Democrats believe they have only one option: a thermonuclear assault on their GOP opponents, which means raising questions about their character, distorting their views, and making outlandish claims.
Many Democratic incumbents now routinely assert in their ads that Republicans who pledge not to raise taxes support shipping jobs overseas—a claim that the nonpartisan FactCheck.org has found to be false. Oregon Congressman Kurt Schrader featured a senior citizen saying that if Republican challenger Scott Bruun "had his way, I'd be out on the street." Arizona Democrat Harry Mitchell accused Republican David Schweikert of being a slumlord who tried to evict a 12-year-old child. He couldn't produce the boy. Virginia's Gerry Connolly attacked Keith Fimian, his GOP challenger, for working against women's rights because he was a member of Legatus, a respected Catholic lay organization that opposes abortion.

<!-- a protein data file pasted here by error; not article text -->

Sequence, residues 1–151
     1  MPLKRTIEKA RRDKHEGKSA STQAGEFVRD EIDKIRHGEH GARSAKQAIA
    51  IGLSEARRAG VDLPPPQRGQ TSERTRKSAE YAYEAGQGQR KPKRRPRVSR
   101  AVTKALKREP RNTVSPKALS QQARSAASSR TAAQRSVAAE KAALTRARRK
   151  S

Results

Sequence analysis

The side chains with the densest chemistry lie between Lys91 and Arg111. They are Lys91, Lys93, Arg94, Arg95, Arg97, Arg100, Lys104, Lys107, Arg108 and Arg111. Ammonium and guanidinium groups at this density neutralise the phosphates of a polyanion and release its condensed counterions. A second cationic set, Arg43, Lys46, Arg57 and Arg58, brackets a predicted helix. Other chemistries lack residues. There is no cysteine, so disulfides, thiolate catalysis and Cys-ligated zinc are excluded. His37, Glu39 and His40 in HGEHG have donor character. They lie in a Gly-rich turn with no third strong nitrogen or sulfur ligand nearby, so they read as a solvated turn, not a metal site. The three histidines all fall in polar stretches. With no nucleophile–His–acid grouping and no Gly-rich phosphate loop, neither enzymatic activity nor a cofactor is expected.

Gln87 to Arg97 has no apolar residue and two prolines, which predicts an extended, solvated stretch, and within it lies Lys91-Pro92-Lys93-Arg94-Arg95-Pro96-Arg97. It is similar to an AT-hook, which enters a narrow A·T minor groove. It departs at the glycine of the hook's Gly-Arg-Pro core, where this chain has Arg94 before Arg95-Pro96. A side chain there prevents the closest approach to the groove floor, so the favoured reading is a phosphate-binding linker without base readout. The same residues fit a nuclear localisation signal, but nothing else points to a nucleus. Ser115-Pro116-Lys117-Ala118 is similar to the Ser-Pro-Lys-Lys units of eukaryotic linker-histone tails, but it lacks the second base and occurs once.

In a debate last month, Sen. Blanche Lincoln (D., Ark.) accused Republican challenger John Boozman of having voted in Congress to let an incestuous rapist father sue a physician who performed an abortion on the daughter the father had raped. Mr. Boozman had no idea what Ms. Lincoln was talking about, and when challenged she couldn't back up her charge. Mr. Boozman now leads by 19 points in the Real Clear Politics average.
Personal attacks generally don't work unless they're seen as fair, credible and pertinent. Voters must think the character shortcomings are both persistent and relevant. If not, the assaults will fail, even backfire....